While doing some research, I came across a guy who ended up firing his outsourced content writing staff because they weren't giving him what he wanted. I can't help but think that better communication could have fixed most, if not all, of his issues with his outsourced writers. He complained specifically about the articles being produced being "dry" with "no soul in them."
I'm left wondering whether he discussed these problems with his writers. Speaking personally, as someone who writes a lot of blogs, I love opportunities to let my hair down a bit and write content that's a bit fun as well as factual. After all, I doubt very many people enjoy writing articles that are "dull as dishwater."
What this illustrates to me is the importance of communicating with your blog writer when content writing goes bad.
Communication Makes Outsourced Content Writing Better
The author of that article is right about one thing. If you put up a content job with minimal instructions outside of the article title and a list of keywords, you probably are going to get back a fairly plain article. Content writers are going to be conservative in the face of minimal instructions. They aren't going to put too much personality into an article if they fear that personality will just garner rejections.
However, there's no need for it to be that way. Content writers thrive on feedback and the more you tell them about your wants and needs, the better they'll be able to meet them. Now, of course, some may still be unable to meet your needs, but you'll never know if you don't ask.
Care and Feeding of Your Outsourced Content Writer
There are some fairly easy things you can do to ensure good communication between yourself and your content writer. However - and this is the important bit - most of them require you to know in detail what you want from your blog writing. The better you understand your goals and strategies, the easier it will be to explain them to your writer.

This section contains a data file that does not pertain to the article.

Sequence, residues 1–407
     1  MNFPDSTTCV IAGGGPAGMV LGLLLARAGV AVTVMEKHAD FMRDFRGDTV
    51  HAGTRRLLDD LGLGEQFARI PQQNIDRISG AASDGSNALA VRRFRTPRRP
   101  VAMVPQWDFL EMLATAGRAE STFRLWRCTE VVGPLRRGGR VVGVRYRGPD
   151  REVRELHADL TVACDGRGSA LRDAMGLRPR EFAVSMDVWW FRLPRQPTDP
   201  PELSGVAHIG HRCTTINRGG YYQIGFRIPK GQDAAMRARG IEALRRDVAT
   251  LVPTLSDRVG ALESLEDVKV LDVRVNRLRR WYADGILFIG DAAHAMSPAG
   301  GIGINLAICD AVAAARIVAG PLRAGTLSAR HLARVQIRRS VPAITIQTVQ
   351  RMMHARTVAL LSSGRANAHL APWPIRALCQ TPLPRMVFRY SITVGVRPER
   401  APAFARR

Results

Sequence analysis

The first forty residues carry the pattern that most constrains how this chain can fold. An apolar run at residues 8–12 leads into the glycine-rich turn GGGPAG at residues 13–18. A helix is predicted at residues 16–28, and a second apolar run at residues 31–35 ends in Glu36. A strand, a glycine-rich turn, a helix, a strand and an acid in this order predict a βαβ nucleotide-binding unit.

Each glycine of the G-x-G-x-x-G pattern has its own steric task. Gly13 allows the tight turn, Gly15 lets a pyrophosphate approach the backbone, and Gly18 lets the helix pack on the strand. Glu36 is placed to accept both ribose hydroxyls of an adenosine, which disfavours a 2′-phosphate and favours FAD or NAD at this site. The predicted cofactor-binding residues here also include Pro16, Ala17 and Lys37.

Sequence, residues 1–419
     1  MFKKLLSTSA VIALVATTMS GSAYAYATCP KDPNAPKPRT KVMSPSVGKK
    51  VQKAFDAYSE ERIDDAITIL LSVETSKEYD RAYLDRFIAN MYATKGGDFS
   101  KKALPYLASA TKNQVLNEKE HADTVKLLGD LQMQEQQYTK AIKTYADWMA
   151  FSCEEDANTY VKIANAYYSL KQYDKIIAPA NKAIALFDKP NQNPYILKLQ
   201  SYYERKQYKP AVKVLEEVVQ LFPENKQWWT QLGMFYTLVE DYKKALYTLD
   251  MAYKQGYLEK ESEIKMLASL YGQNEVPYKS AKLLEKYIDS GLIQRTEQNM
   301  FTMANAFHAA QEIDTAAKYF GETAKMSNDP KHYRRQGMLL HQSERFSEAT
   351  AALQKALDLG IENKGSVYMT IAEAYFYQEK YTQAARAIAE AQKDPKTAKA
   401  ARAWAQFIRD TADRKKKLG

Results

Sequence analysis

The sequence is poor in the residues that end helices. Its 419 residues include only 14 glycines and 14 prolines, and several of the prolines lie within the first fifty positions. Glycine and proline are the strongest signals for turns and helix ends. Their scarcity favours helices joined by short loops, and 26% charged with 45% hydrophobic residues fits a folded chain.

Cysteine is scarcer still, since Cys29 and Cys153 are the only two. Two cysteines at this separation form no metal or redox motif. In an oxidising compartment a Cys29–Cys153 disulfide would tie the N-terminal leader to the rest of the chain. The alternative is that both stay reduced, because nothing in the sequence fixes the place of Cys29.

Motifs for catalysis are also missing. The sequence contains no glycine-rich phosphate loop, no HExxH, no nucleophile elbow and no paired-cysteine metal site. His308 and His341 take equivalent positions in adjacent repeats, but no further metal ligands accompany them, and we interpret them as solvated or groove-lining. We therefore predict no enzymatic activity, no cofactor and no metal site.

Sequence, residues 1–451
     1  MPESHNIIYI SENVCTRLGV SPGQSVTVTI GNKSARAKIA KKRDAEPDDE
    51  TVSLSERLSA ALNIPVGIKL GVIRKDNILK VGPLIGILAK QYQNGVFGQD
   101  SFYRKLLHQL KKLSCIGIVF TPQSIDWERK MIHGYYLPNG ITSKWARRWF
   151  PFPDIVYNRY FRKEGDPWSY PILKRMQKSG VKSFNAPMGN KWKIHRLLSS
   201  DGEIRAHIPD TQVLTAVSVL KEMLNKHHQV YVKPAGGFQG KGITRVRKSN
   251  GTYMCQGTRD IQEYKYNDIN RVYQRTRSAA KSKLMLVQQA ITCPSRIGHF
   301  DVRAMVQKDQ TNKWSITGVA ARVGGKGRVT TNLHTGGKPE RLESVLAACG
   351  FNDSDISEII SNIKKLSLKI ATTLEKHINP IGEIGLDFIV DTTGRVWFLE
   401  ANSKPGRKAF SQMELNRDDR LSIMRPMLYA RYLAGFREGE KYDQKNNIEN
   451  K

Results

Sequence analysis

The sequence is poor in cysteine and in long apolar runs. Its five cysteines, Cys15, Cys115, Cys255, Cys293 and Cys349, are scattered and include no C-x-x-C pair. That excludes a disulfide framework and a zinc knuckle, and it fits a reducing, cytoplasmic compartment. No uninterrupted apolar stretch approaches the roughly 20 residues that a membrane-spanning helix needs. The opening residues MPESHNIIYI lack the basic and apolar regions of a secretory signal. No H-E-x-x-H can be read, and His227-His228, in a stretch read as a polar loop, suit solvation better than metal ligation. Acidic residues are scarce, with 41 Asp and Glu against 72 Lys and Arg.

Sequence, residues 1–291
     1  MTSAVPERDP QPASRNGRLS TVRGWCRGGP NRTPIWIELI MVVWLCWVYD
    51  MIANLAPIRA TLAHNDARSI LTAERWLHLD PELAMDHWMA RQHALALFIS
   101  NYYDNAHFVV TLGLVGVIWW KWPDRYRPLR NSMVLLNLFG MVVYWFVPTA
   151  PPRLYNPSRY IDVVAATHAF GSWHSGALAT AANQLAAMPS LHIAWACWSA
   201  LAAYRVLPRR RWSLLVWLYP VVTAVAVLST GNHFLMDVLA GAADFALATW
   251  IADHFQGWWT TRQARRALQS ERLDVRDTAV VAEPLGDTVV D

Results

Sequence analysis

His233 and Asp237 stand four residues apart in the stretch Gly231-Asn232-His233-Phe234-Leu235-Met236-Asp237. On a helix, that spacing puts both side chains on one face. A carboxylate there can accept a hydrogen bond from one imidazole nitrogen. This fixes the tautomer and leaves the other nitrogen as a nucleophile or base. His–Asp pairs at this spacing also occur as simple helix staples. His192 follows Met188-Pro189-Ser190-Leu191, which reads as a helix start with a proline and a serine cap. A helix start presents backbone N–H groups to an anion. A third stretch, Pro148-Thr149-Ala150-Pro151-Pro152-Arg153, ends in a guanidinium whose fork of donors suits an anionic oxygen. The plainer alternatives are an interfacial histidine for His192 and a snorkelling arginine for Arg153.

Create a Style Sheet: Do like the newspapers and magazines do. Make a style guide that covers how you want the blog written, including aspects like how much personality you want it to show. Just remember that your writer will likely treat these as rules, rather than guidelines, if they're in doubt.
Give specific feedback: If you aren't happy with your blog writer's output, step one should be to simply tell them about it. Talk about your strategies and goals and why you don't think the blog is currently reaching them.
Start a conversation: If your blog writer specializes in your industry, just talk to them. Chances are they've come across items of interest in their own research that might be able to help you out. There's no harm in asking for suggestions, and if your writer gives you good ideas, you've probably got a keeper. Just like with your customers, the more engaged your writer is, the better they'll do.
Consider your keywords: Remember that your keyword choices will limit your writer's options. Using the infinitive form of a term, like "to buy a car" will force the writer to write using passive language like "those who want to buy a car," creating a weaker article. Try to pick keywords that can be easily integrated into more active and interesting content.
In short, many writer relationships are totally salvageable with a little communication. Share your ideas and strategies with them and discuss what sort of tone you want. The more informed your writer is, the better their content writing will be.
What tips do you have for working with content writers?